What is the pathophysiology of unconjugated hyperbilirubinemia?

Updated: May 21, 2019
  • Author: Hisham Nazer, MBBCh, FRCP, DTM&H; Chief Editor: BS Anand, MD  more...
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Answer

Unconjugated bilirubin is transported in the plasma bound to albumin. At the sinusoidal surface of the liver, unconjugated bilirubin detaches from albumin and is transported through the hepatocyte membrane by facilitated diffusion. Within the hepatocyte, bilirubin is bound to two major intracellular proteins: cytosolic Y protein (ie, ligandin or glutathione S-transferase B) and cytosolic Z protein (also known as fatty acid–binding protein [FABP]). The binding of bilirubin to these proteins decreases the efflux of bilirubin back into the plasma and, therefore, increases net bilirubin uptake. (See the image below.)

Enterohepatic circulation of bilirubin. Enterohepatic circulation of bilirubin.

In order for bilirubin to be excreted into bile and, therefore, eliminated from the body, it must be made more soluble. This water-soluble, or conjugated, form of bilirubin is produced when glucuronic acid enzymatically is attached to 1 or both of the propionic side chains of bilirubin IX-alpha (ZZ). Enzyme-catalyzed glucuronidation is one of the most important detoxification mechanisms of the body. Of the various isoforms of the UGT family of enzymes, only 1 of them, bilirubin-UGT1A1, is physiologically important in bilirubin glucuronidation.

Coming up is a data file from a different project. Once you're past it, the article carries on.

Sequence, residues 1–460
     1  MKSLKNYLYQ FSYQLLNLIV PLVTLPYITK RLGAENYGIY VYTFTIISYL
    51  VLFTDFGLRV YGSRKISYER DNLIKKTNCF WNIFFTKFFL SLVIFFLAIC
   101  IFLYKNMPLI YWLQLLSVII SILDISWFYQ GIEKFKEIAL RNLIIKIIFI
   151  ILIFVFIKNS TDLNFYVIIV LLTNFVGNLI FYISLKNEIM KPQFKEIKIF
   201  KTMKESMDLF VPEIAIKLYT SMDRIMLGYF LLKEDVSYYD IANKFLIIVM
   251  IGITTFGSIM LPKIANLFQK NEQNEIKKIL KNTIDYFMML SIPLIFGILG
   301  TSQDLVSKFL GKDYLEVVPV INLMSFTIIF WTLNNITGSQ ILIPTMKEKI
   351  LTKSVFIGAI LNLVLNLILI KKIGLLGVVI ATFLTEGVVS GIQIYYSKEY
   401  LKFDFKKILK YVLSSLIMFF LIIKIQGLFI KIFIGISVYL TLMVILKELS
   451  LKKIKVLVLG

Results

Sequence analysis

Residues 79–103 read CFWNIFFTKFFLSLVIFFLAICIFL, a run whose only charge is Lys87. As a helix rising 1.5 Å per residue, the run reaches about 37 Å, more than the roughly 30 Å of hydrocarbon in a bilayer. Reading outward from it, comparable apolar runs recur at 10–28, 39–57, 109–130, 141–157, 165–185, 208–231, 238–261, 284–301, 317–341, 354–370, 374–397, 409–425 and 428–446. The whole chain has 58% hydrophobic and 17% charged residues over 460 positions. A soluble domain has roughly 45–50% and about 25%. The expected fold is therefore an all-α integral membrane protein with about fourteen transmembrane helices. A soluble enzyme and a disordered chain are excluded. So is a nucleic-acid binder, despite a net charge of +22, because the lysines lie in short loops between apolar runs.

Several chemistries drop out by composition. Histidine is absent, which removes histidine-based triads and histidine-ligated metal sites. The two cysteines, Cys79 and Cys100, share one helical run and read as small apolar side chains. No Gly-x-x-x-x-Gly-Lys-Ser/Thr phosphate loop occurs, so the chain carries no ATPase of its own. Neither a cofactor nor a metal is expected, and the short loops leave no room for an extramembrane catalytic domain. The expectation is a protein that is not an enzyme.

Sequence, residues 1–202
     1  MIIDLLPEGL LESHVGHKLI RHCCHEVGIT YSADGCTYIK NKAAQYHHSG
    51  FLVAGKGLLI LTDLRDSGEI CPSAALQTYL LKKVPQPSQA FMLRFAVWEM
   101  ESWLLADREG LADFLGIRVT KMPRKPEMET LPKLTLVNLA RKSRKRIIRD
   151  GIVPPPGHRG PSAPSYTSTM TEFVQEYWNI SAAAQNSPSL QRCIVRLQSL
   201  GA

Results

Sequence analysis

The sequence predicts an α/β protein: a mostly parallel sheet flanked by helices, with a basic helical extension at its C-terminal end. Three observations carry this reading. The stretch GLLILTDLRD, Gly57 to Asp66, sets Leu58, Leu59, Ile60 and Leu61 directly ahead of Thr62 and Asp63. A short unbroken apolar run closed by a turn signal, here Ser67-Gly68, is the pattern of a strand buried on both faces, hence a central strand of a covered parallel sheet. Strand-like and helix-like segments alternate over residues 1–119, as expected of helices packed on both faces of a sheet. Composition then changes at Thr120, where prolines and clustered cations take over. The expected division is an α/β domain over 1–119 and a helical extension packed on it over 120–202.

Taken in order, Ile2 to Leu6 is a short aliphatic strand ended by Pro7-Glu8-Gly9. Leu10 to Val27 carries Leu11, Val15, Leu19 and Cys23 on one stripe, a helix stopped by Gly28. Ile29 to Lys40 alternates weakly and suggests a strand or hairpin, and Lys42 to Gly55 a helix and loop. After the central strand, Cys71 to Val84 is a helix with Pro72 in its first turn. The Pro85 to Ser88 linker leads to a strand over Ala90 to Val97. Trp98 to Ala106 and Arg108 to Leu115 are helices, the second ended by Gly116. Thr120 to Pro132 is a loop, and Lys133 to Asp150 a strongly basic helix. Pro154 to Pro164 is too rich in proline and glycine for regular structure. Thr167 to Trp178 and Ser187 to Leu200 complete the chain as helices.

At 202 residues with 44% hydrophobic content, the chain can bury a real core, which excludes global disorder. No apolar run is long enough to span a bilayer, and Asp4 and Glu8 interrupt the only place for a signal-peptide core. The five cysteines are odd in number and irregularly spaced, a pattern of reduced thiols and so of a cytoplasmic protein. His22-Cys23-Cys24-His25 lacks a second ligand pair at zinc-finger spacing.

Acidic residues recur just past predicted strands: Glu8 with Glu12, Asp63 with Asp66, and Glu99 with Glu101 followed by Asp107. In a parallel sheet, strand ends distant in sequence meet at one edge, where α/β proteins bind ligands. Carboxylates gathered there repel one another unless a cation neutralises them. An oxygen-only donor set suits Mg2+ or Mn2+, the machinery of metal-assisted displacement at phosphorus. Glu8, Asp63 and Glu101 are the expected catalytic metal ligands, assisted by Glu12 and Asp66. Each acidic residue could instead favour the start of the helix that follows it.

UGT enzymes are normally concentrated in the lipid bilayer of the endoplasmic reticulum of the hepatocytes, intestinal cells, kidneys, and other tissues.

Attachment of glucuronic acid to bilirubin occurs through an ester linkage and, therefore, is called esterification. This esterification is catalyzed by bilirubin-UGT, which is located in the endoplasmic reticulum of the hepatocyte. This reaction leads to the production of water-soluble bilirubin monoglucuronide and bilirubin diglucuronide. Other compounds, such as xylose and glucose, also can undergo esterification with bilirubin.

Bilirubin diglucuronide is the predominant pigment in healthy adult human bile, representing over 80% of the pigment. However, in subjects with reduced bilirubin-UGT activity, the proportion of bilirubin diglucuronide decreases, and bilirubin monoglucuronide may constitute more than 30% of the conjugates excreted in bile.


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